Cranky Hanke’s Weekly Reeler June 1-7: Me Before Popstar Lobster Turtles

In Theaters.

Last week boasted such titles as Love & Friendship, High-Rise and A Bigger Splash. So far as I know all of these are still playing this week. (Update: A Bigger Splash is being dropped on Friday.) This is something you will do well to remember as we move forward. Oh, there’s one worthy art title, but the three mainstream titles…oh, Sweet Merciful King of Glory, do they look grim.

I am happy to see — as we slide into the half-way mark — that 2016 is shaping up as a much more exciting movie year than 2015 so far as I’m concerned. We’ve already had enough good films that I could come up with a respectable Ten Best list without stretching too much. Better yet, at least four of those stand a good chance of being on the top half of the final list. It’s going to take some doing to dethrone High-Rise, Love & Friendhip, Sing Street, and Miles Ahead. Don’t misunderstand, 2015 was a good year, but 2016 has already excited me in ways that 2015 only did once. This is a good thing.




The sole art title opening this week is Yorgos Lanthimos’ The Lobster — starting Friday at Carolina Cinemark and Fine Arts Theatre. I caught this at a press screening on Saturday morning, so the review is in this week’s Xpress. I liked it — or maybe appreciated it — a good bit, but I wasn’t quite blown away by it. However, any movie in which a schlubby Colin Farrell has 45 days to find a partner or be transformed into a lobster (his choice of animal) is worth a look. It’s darkly funny and offers a very pointed critique of the obsession over pairing off, as well as an absurdist vision of the things we do to connect with others.

And here they come…




First up is theatre director Thea Sharrok’s feature directorial debut Me Before You — starting Friday (with requisite Thursday evening shows for those who can’t wait) at Carolina Cinemark, Epic of Hendersonville, Regal Biltmore Grande, UA Beaucatcher. What is it? Well, it’s based on a book by Jojo Moyes, who also wrote the screenplay. I am told the book was a best-seller. I won’t dispute. It appears to be all about the romance between a nurse/caregiver (Emilia Clarke) and her quadriplegic charge (Sam Claflin). Since the film is being called a “weepie” by the few critics who have reviewed it, I feel we may assume this doesn’t end well. I am hoping to never know. The not-really-stars in the leads do not entice me, nor does the story. The fact that it’s British soap doesn’t either. With that in mind, there are worse looking fates.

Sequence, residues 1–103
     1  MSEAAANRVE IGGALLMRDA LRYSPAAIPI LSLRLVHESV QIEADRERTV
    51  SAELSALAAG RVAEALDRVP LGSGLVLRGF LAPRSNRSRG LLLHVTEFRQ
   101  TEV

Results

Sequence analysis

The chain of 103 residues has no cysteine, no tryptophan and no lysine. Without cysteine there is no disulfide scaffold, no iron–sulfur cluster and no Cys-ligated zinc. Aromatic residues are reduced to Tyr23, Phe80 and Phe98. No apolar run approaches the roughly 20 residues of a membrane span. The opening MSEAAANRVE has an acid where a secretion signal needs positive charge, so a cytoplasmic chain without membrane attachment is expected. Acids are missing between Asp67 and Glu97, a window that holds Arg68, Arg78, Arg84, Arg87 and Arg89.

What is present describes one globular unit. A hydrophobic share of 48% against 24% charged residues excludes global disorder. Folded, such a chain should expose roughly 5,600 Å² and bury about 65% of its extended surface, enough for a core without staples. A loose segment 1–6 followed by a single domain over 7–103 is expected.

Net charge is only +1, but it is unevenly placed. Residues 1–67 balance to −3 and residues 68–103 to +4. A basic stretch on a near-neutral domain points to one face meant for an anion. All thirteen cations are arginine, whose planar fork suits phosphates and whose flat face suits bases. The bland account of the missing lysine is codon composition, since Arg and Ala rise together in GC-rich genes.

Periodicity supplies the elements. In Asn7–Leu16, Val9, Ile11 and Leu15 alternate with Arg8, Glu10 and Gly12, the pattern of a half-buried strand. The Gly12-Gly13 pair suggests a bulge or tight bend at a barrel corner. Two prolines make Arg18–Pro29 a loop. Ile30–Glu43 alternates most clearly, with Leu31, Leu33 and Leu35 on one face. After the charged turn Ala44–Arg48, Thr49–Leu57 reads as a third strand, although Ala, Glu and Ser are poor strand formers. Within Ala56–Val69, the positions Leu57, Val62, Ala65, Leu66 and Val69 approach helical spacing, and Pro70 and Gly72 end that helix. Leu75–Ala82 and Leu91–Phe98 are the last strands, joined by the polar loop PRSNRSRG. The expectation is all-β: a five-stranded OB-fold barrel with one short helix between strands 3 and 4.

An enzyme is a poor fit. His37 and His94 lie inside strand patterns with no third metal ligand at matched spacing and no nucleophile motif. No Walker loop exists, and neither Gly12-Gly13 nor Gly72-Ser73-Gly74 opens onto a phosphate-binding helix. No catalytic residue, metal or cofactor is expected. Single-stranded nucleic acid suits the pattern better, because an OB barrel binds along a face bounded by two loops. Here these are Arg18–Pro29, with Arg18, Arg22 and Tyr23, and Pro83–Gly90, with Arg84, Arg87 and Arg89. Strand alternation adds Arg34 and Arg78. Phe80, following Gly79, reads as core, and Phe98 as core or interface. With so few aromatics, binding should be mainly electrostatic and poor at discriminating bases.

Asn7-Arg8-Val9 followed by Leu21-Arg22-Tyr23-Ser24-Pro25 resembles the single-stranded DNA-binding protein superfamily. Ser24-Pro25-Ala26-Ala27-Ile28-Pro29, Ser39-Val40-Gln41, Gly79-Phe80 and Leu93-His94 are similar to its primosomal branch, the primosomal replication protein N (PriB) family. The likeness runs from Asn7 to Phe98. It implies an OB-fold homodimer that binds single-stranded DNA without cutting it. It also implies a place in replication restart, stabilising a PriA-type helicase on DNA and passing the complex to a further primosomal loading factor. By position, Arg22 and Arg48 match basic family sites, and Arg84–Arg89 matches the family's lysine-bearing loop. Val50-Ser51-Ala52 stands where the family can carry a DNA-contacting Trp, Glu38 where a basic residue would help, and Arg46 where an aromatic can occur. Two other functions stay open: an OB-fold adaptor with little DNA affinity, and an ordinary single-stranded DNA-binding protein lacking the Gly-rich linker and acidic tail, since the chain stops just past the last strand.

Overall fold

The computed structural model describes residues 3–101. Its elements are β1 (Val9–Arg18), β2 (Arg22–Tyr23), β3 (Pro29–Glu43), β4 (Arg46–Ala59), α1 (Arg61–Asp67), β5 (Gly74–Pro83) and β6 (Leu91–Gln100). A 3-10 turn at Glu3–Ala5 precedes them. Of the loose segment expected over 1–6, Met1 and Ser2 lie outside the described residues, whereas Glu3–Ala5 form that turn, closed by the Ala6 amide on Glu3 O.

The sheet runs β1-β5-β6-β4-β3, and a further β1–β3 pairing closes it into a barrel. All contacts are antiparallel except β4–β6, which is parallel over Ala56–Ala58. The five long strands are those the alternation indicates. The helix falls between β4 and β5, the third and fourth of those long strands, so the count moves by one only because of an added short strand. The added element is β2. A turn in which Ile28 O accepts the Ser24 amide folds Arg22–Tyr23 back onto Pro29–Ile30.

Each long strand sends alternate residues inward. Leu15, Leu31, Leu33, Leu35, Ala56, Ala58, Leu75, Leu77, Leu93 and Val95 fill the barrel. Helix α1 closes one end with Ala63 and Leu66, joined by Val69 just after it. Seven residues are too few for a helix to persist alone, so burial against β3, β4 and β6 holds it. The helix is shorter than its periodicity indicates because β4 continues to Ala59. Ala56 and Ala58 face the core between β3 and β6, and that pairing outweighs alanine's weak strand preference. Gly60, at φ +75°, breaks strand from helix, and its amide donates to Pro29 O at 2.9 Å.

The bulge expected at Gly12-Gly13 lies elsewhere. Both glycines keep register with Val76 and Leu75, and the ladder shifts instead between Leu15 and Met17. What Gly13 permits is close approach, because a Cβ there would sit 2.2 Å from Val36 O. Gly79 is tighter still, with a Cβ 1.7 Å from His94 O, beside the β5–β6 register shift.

Speaking of worse looking fates, we have Akiva Schaffer and Jorma Taccone’s Popstar: Never Stop Never Stopping — apparently this arrives on Friday (with Thursday, etc.) at Carmike 10, Carolina Cinemark, Epic of Hendersonville, Regal Biltmore Grande. I am assuming that the title is meant to be humorous. That doesn’t keep it from being in the running for Worst Title Ever. It gets worse. (Watch the trailer and you’ll see what I mean.) It stars Andy Samberg as an idiot rock star. It is predicated on the idea — of which I have never been convinced — that Samberg is funny. It is R rated, which means pointlessly raunchy comedy. The MPAA tells us that the R is for “some graphic nudity, language throughout, sexual content and drug use.” The concept of the words “graphic nudity” and “Andy Samberg” is worrisome. Universal assures us that Messrs. Samberg, Schaffer, and Taccone (aka The Lonely Island) are “musical digital-shorts superstars.” This seems to be connected to SNL. Another selling point is that it’s from producer Judd Apatow. In its favor? At 86 minutes it is much shorter than the other mainstream releases.